8. Jo-Wilfried Tsonga
Tsonga wasn’t done any favors with his draw. He is going to face the winner of Ivo Karlovic vs Jiri Vesely. Tsonga would probably prefer Vesely who he beat in a strenuous four set Davis Cup win on hard courts in 2016. Karlovic is 2-1 against the Frenchman with both wins coming on grass at Wimbledon. The plus for Tsonga is neither arrives with much done on this surface lately. Vesely has beaten Karlovic twice, but the last meeting came in 2015 at the U.S. Open. Either player is definitely capable of giving Tsonga fits with their power, especially considering Tsonga’s poor record here.

9. David Goffin
An easy inclusion on this list even if his first round opponent is about as trustworthy as a politician. Goffin faces Nick Kyrgios to start. The Aussie did put together two wins in a row in Montreal last week, his best showing since Madrid way back in May. His performance against Alexander Zverev in his loss was less than inspiring, but he at least showed some mobility and his shoulder held up. Does that mean he holds up this week? Of course not. He has beaten Goffin both times they have played in the past though with the last coming in Miami earlier this season when the Belgian was playing reasonably well. With the quick conditions in Cincy, Kyrgios will be a big bother for Goffin – IF he cares to be. That is the question.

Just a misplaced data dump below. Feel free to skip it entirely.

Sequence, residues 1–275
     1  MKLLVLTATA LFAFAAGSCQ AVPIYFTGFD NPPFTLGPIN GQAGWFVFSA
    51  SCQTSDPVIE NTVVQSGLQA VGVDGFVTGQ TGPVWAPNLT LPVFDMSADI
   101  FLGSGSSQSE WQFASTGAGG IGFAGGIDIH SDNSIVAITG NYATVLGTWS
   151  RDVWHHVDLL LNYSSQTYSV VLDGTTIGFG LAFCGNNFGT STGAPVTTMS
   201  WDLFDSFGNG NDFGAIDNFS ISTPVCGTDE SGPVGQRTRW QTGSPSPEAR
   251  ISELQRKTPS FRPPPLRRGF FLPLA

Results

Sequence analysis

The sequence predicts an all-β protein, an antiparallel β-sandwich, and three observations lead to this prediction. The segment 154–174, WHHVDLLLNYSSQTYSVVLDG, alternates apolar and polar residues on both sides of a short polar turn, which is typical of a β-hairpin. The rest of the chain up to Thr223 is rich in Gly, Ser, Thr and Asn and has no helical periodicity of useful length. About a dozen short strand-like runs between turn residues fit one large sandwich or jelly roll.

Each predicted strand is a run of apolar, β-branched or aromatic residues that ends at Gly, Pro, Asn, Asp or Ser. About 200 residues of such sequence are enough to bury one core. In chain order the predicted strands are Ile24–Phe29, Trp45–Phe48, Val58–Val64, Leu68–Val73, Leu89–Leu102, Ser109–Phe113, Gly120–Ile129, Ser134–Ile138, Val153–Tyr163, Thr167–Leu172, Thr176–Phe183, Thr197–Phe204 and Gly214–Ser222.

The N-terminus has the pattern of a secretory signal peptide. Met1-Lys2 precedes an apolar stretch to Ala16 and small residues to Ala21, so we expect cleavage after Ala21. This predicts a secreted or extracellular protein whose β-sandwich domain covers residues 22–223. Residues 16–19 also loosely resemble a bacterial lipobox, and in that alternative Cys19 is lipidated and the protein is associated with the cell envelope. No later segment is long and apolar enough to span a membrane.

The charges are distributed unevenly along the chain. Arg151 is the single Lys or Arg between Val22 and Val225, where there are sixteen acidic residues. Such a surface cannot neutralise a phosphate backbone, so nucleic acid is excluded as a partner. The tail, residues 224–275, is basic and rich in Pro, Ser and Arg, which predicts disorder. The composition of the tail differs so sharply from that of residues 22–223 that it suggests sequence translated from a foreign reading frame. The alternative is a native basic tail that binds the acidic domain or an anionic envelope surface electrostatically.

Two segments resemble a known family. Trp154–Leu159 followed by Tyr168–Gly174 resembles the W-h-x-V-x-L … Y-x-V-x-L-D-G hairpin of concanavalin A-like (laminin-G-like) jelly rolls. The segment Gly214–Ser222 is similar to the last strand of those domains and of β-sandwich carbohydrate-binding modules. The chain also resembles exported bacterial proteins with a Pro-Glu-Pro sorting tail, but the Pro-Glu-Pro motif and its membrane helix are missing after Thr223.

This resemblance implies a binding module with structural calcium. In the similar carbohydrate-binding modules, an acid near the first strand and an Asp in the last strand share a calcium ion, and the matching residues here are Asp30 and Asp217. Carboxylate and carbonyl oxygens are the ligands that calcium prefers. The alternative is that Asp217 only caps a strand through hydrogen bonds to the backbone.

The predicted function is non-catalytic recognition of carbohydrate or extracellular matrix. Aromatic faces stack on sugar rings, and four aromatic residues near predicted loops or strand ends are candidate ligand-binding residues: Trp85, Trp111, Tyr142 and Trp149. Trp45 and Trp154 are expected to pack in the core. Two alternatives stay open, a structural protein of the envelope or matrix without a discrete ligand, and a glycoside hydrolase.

10, Tomas Berdych
Berdych draws the first round Juan Martin Del Potro short stick this week. DelPo was up and down again last week. Looking decent in a win against John Isner in Montreal before looking very flat against Denis Shapovalov in the next round. He is 4-3 against Berdych. The Berdman has won both of their meetings on this surface, including the last at Indian Wells last season. With Berdych’s status unknown with the rib and DelPo always seemingly unknown with the wrist, this really looks 50-50.

12. Roberto Bautista Agut
RBA faces off against Jared Donaldson who brings some confidence to Cincy after back-to-back third round runs in D.C. and Montreal. The Spaniard was solid in his own right last week with a quarterfinal run at the Rogers Cup, where he lost to Federer 6-4, 6-4. RBA is just 2-3 at this event however and lost in round one to Nicolas Mahut last year. JD is 2-2 at this event in two career trips and he took Stan Wawrinka to three sets in a loss last year. If he finds his serve early, he’s a threat to upset.